19. Grimké Sisters The Grimké sisters, Sarah and Angelina, grew up on a slave owning plantation in South Carolina, but strongly disapproved of the practice of slavery. They spoke out against both slavery and the exclusion of women from public life. Sarah Moore Grimké (1792-1873) went to Philadelphia in 1821 where she joined the Quakers. Her sister Angelina (1805-1879) followed in 1829. Lucretia Mott was an important influence on their development as reformers with the formation of the. Philadelphia Female Anti-Slavery Society in 1835. Gg

  20. Lauren Hutton Lauren Hutton was born in Charleston, and she is an former model and actress. She attended Ashley Hall before graduating from Tulane University. In the 70s she was a successful model for the Ford Agency before moving to acting. She is best known for her starring roles in the movies American Gigolo , Zorro, the Gay Blade, and Lassiter, and also for her fashion modeling career. Hh

  21. Issaqueena, a legend Issaqueena fell in love with David Francis, a silversmith who lived in what is now the town of Ninety Six, South Carolina. Learning that her people planned a surprise attack on the settlement, Issaqueena mounted her horse to warn the settlers. Issaqueena and David fled to what is now Stumphouse Mountain north of Walhalla to escape the fury of her betrayed tribe. The lovers lived in a large, hollowed-out tree or Stumphouse. Finally tracked down by her tribesmen, Issaqueena raced to a nearby falls (now Issaqueena Falls) and plunged out of sight into the cataract. Believing her dead, the warriors gave up the search. Ii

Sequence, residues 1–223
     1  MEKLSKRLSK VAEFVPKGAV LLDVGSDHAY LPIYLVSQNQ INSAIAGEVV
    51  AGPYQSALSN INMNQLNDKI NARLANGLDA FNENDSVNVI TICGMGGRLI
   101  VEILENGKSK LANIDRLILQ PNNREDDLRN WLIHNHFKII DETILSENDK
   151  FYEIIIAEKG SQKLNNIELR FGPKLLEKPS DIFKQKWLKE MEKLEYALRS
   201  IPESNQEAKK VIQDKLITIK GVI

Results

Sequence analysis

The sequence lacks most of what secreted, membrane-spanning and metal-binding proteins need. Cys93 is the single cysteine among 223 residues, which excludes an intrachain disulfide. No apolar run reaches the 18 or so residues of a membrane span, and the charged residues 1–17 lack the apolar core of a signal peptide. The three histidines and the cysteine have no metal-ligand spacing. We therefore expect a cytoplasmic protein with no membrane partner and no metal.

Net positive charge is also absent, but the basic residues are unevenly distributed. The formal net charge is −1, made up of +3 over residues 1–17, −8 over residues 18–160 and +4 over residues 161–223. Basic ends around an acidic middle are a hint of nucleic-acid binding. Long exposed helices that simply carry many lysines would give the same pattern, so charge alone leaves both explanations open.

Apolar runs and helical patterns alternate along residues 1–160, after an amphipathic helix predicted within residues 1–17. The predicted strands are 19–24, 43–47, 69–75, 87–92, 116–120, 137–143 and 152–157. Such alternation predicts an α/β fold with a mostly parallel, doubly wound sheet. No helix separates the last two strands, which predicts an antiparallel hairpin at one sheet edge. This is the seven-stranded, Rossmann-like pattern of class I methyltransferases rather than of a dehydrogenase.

22. Henrietta Johnson Henrietta de Beaulieu Dering Johnston (ca. 1674 – March 9, 1729) was a pastelist of uncertain origin active in the South Carolina colony in North America. She began to work as a portrait artist in Charles Town (now Charleston), making her the first known professional woman artist in America. She is both the earliest recorded female artist and the first known pastelist working in the English colonies. About forty portraits by Johnston are known to survive; these tend to depict members of her social circle and, later, of her husband's Charleston congregation. Many of her South Carolina portraits depict members of Huguenot families that had settled in the New World, including the Prioleaus, Bacots, and duBoses. Jj

  23. Mammie “Peanut” Johnson Peanut Johnson, born in Ridgeway, played professional baseball for three seasons, from 1953 to 1955. Mamie tried out, and made the Indianapolis Clowns, a Negro League team.  At the time, the Clowns were the only team in the league to feature women as players, so Johnson played against all-male teams.  While she was pitching her first game with the Clowns, Hank Baylis, a batter on the opposing team, yelled to her, "What makes you think you can strike a batter out? Why, you aren't any larger than a peanut!" Mamie struck him out, and from that day was known as "Peanut." During her tenure, she won thirty-three games and lost eight. Her batting average ranged from .262 to .284.   Jj